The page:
Global economic crisis also values crisis: Davos poll

PARIS (Reuters) - Two-thirds of people around the world think the global economic crisis is also a crisis of ethical values that calls for more honesty, transparency and respect for others, according to a World Economic Forum poll.

Almost as many name business as the sector that should stress values more to foster a better world, said the poll for the Forum’s annual Davos summit that opened on Wednesday.

Only 12.9 percent of the 130,000 people polled said businesses were primarily accountable to their shareholders. Another 18.2 percent said clients and customers, 22.9 percent named employees and 46 percent cited all of them equally.

“The poll results point to a trust deficit regarding values in the business world,” the Forum said in a statement. “Only one-quarter of respondents believe that large multinational businesses apply a values-driven approach to their sectors.”

The poll was conducted through Facebook in France, Germany, India, Indonesia, Israel, Mexico, Saudi Arabia, South Africa, Turkey and the United States.

A large majority of 67.8 percent said the current global economic crisis was “also a crisis of ethics and values.” Only 62.4 percent of younger respondents aged 18-23 agreed here but the total jumped to 78.6 percent for those over 30 years old.

The highest “yes” votes came in Mexico (80.1 percent), South Africa (77.4 percent), Indonesia (72.8 percent) and the United States (70.7 percent). France was lowest at 60.3 percent.

Only 19 percent of total responses thought faulty ethics played no role in the current economic crisis, according to the poll that can be downloaded at http//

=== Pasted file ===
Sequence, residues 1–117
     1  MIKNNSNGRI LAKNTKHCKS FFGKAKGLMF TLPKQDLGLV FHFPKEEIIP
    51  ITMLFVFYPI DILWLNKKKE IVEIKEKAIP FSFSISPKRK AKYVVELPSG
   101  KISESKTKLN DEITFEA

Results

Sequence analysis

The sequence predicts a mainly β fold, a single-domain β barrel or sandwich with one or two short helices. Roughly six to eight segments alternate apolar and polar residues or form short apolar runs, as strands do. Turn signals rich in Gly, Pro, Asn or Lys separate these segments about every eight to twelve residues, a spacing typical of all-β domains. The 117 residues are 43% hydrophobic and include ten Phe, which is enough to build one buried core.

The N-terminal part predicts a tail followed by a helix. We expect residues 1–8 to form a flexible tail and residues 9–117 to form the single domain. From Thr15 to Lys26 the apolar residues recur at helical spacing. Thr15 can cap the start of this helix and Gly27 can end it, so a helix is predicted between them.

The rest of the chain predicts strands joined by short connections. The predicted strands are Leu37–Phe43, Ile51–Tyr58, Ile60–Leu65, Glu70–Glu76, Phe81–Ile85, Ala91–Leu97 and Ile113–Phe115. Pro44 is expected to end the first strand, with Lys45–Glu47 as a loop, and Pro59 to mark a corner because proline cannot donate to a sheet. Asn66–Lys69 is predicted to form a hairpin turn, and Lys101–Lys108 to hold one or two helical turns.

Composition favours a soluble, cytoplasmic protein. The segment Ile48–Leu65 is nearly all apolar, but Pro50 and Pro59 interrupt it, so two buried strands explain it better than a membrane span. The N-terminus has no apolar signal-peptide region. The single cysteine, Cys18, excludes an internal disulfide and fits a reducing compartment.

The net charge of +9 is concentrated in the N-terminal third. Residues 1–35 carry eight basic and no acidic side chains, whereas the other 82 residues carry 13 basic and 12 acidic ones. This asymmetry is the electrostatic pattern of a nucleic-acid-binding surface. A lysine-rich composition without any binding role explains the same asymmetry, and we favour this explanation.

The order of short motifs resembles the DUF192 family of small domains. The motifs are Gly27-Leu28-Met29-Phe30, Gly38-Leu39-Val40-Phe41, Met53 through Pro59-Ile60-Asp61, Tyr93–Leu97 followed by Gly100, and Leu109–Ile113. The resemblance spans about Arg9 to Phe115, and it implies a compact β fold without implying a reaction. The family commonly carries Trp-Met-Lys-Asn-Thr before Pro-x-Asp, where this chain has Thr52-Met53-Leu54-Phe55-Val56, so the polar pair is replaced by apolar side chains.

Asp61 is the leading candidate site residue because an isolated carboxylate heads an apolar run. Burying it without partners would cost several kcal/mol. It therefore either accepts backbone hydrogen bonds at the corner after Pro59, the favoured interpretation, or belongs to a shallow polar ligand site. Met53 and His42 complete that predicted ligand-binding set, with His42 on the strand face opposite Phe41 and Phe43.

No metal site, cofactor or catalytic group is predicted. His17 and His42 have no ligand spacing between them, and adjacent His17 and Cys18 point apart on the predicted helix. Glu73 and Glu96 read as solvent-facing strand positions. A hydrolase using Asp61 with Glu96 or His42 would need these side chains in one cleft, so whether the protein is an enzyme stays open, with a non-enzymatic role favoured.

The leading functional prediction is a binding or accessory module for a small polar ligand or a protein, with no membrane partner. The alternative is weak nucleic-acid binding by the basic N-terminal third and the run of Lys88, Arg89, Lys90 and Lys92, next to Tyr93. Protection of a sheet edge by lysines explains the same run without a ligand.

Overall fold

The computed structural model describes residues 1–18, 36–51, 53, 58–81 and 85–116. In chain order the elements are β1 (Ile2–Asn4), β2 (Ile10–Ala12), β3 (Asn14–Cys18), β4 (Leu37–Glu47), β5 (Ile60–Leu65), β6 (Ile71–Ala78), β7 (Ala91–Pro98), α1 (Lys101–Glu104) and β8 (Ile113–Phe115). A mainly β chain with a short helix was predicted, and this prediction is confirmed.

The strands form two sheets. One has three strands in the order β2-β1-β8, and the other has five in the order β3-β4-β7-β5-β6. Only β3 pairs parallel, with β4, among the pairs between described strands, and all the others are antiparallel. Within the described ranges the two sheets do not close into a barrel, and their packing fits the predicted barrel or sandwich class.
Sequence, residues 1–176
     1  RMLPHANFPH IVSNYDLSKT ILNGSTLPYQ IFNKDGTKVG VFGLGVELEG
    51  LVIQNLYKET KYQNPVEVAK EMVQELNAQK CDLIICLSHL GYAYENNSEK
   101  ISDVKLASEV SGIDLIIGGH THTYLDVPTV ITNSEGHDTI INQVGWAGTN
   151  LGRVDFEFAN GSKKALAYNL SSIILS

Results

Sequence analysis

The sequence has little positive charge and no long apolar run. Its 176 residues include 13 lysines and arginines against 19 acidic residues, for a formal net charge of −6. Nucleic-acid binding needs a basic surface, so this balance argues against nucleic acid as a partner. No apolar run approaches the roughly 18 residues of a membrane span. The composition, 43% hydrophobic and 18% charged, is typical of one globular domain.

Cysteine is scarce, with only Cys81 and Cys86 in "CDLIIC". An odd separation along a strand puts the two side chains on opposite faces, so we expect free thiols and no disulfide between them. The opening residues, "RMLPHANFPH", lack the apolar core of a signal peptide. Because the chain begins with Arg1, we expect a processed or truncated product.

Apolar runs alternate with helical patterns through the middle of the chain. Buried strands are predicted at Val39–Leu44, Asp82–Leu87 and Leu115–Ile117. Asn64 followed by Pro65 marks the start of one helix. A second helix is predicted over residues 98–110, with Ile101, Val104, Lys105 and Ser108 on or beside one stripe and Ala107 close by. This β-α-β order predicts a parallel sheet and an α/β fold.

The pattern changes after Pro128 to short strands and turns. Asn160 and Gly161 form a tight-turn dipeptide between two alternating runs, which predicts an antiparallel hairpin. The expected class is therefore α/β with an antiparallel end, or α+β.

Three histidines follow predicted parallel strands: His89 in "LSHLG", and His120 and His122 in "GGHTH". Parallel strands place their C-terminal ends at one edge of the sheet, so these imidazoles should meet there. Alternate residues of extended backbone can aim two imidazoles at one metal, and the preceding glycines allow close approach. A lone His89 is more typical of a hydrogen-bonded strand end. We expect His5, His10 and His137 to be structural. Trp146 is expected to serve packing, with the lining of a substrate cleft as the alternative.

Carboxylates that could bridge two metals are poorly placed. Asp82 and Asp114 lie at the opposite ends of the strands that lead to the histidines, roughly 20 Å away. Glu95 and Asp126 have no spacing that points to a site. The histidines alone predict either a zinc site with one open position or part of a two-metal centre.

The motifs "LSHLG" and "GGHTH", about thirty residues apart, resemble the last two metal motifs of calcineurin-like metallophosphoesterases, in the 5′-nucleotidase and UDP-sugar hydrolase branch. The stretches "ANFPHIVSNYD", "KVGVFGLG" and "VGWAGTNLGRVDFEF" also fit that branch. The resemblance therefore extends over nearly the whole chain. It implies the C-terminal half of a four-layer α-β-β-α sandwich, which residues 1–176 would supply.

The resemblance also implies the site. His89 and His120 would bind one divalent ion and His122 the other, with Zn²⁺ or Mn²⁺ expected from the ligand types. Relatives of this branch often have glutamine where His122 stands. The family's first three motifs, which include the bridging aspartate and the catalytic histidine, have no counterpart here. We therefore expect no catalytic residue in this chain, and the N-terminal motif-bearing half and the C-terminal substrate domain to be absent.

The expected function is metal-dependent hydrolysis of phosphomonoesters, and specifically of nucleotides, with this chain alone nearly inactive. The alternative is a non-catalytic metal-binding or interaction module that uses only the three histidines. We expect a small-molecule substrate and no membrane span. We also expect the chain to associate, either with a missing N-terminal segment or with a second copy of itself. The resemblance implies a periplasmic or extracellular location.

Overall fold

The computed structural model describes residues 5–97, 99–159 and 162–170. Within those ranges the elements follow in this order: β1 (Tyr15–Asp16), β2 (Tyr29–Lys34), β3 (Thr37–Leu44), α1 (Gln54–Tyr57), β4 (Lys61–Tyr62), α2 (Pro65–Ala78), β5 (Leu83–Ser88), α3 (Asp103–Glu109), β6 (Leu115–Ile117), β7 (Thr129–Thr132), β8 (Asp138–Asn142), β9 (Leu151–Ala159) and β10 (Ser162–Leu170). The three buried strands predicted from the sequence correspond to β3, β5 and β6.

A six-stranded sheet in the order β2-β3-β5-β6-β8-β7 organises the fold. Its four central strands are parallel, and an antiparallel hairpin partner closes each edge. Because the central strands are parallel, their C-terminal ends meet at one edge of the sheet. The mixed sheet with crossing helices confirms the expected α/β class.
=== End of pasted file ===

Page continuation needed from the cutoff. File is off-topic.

Sixty percent said businesses large and small should stress values more, compared to 23 percent for politics and 16.1 percent for global institutions.

Asked which values were most important in the global political and economic system, 39.3 percent said honesty, integrity and transparency, 23.7 percent chose respecting others, 19.9 percent said considering the impact of actions on others and 17 percent said preserving the environment.

The survey showed several variations according to countries. “Religion and faith are most likely to drive values in the United States, Saudi Arabia and South Africa,” it said.

France and Germany are way ahead of others in saying firms are primarily accountable to their employees, while Israelis led both among those who said businesses were most accountable to shareholders and among those saying to clients and customers.

While two-thirds of respondents saw an ethical crisis, only 54.2 percent believed that universal values -- a possible basis for a more moral approach to business -- actually exist.

Among rich nations, Germany was far ahead (64.9 percent) of the United States (49.9 percent) and France (37.6 percent) here.

Editing by Jon Boyle